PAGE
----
While Senator Sanders was winning Colorado, former New York Mayor Michael Bloomberg picked up 4 delegates from American Samoa after 175 of the territory’s residents voted for him. Then-Congresswoman Tulsi Gabbard picked up the two remaining delegates after receiving 103 votes, while the remaining voters were split between the other candidates, none of whom topped fifteen percent. That same day former South Bend Mayor Pete Buttigieg was the choice of just under a quarter-million Californians, for which he got zero delegates because it was only 4.3 percent of the total votes cast. So much for one person, one vote.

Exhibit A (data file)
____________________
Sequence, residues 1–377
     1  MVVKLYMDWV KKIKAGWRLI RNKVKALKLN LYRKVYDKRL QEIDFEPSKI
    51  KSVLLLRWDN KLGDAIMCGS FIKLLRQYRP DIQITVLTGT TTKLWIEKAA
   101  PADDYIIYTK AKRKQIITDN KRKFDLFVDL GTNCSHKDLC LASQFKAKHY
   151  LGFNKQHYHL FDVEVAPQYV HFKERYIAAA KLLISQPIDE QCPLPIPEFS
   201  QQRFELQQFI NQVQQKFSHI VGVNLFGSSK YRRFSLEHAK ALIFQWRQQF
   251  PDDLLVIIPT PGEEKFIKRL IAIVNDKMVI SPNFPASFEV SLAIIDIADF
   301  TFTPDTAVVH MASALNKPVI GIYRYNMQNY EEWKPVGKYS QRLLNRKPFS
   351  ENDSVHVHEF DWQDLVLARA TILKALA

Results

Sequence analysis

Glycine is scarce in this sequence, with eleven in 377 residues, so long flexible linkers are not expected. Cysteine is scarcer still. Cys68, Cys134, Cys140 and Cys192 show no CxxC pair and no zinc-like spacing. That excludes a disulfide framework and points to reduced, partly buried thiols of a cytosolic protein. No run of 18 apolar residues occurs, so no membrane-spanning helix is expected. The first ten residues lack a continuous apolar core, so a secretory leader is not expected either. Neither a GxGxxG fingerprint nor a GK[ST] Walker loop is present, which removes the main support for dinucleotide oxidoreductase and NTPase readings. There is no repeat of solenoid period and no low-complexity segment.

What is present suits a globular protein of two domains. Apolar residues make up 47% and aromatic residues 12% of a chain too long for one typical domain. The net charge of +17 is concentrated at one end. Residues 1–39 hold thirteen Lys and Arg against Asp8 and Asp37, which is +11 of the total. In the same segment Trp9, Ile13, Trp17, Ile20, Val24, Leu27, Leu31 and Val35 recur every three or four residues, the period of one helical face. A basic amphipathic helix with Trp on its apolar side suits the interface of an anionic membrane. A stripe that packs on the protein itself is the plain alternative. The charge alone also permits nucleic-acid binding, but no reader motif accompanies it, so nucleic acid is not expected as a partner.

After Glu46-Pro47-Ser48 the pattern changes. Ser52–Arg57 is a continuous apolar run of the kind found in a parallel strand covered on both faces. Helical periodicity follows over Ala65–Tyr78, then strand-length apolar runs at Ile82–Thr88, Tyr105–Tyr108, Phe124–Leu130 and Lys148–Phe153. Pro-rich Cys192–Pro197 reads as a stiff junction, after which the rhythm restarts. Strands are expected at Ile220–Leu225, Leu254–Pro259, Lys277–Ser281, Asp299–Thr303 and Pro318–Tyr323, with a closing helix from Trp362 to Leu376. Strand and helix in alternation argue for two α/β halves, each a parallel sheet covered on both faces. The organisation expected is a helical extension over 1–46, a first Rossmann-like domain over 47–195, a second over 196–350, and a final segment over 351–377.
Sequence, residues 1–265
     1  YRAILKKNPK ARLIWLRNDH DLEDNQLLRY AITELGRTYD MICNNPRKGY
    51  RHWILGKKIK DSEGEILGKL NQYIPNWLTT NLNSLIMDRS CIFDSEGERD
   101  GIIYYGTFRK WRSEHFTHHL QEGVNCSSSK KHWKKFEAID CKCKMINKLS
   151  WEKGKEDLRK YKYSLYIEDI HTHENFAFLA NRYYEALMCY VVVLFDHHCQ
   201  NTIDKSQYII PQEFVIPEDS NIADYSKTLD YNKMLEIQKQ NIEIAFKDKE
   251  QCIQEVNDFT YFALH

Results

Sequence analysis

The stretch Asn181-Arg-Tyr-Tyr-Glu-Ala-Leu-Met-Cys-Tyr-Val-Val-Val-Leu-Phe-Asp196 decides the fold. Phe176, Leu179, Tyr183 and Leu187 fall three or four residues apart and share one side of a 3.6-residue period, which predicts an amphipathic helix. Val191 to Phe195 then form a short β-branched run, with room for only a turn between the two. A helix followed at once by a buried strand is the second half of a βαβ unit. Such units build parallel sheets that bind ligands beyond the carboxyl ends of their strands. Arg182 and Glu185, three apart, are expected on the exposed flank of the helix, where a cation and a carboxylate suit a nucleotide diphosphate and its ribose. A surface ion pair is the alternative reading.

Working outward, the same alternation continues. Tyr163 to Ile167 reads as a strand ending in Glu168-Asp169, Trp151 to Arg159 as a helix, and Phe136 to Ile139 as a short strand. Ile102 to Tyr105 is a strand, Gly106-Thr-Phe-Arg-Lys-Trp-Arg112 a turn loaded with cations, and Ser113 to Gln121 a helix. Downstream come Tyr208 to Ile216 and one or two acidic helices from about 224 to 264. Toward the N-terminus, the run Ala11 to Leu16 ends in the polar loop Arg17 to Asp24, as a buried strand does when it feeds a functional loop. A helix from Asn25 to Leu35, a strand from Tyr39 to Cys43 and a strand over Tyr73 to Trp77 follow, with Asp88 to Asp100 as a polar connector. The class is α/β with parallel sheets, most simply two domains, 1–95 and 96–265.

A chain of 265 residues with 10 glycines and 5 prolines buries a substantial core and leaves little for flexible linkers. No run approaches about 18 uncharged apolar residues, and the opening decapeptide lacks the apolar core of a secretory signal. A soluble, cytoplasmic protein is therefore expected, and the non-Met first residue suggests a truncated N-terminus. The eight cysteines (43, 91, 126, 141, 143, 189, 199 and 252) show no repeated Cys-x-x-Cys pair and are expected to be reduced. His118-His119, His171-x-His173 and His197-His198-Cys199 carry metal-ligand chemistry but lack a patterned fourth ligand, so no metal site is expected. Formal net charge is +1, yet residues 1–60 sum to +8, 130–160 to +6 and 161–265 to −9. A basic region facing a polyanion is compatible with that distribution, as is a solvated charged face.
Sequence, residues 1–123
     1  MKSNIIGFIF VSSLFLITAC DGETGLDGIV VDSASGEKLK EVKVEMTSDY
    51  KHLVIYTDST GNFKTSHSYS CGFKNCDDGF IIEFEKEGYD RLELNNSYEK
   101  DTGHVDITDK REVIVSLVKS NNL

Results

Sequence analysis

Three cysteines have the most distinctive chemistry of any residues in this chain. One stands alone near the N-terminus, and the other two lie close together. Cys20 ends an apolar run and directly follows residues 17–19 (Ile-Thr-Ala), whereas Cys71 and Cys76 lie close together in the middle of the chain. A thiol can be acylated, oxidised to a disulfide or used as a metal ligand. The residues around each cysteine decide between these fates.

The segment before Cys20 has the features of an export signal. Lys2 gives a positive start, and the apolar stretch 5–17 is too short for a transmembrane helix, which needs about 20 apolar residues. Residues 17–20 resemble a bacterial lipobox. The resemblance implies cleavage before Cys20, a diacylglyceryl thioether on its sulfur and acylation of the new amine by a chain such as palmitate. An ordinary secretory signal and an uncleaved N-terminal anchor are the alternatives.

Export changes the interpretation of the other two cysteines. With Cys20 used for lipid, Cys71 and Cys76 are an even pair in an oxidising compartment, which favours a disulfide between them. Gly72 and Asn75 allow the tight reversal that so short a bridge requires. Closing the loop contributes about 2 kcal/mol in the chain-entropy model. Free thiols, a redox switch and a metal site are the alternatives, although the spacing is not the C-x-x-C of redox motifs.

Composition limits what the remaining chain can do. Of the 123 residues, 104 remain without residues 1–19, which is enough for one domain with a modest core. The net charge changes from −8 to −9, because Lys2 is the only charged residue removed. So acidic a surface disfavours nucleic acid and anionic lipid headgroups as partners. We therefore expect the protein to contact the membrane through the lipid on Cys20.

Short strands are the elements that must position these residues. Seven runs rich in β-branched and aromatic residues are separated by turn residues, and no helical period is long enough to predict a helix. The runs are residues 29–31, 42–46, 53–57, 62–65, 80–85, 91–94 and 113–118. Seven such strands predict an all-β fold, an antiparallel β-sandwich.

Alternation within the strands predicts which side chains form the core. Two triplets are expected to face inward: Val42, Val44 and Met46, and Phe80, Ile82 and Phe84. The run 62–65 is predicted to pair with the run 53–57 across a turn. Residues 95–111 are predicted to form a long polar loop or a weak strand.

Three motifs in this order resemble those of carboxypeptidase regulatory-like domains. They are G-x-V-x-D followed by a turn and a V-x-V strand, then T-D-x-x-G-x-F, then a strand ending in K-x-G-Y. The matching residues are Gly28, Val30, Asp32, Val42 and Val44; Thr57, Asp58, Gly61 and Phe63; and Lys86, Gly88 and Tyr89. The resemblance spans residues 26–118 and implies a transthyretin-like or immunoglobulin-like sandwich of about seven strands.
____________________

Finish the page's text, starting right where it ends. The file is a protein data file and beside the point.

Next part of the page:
Previous Democratic Party presidential nomination contests show similar outcomes. In March of 2016, former Secretary of State Hillary Clinton picked up 46 delegates after winning Massachusetts with just over 600,000 votes. She also won Tennessee that day, receiving about 246,000 votes and gaining 44 delegates. In 2008, then-Senator Clinton actually received more popular votes than then-Senator Barack Obama, if the votes of Michigan are included (the state held its primary outside of the time frame permitted under the rules and lost its delegates to the convention).
And all this is before “super delegates” get involved. These are party officials – every member of the Democratic National Committee, all Democratic members of Congress and Governors, and a handful of other luminaries like former presidents and vice presidents. These delegates no longer have the ability to vote in the first round of voting at the convention, but if it goes to a second round, they are able to vote.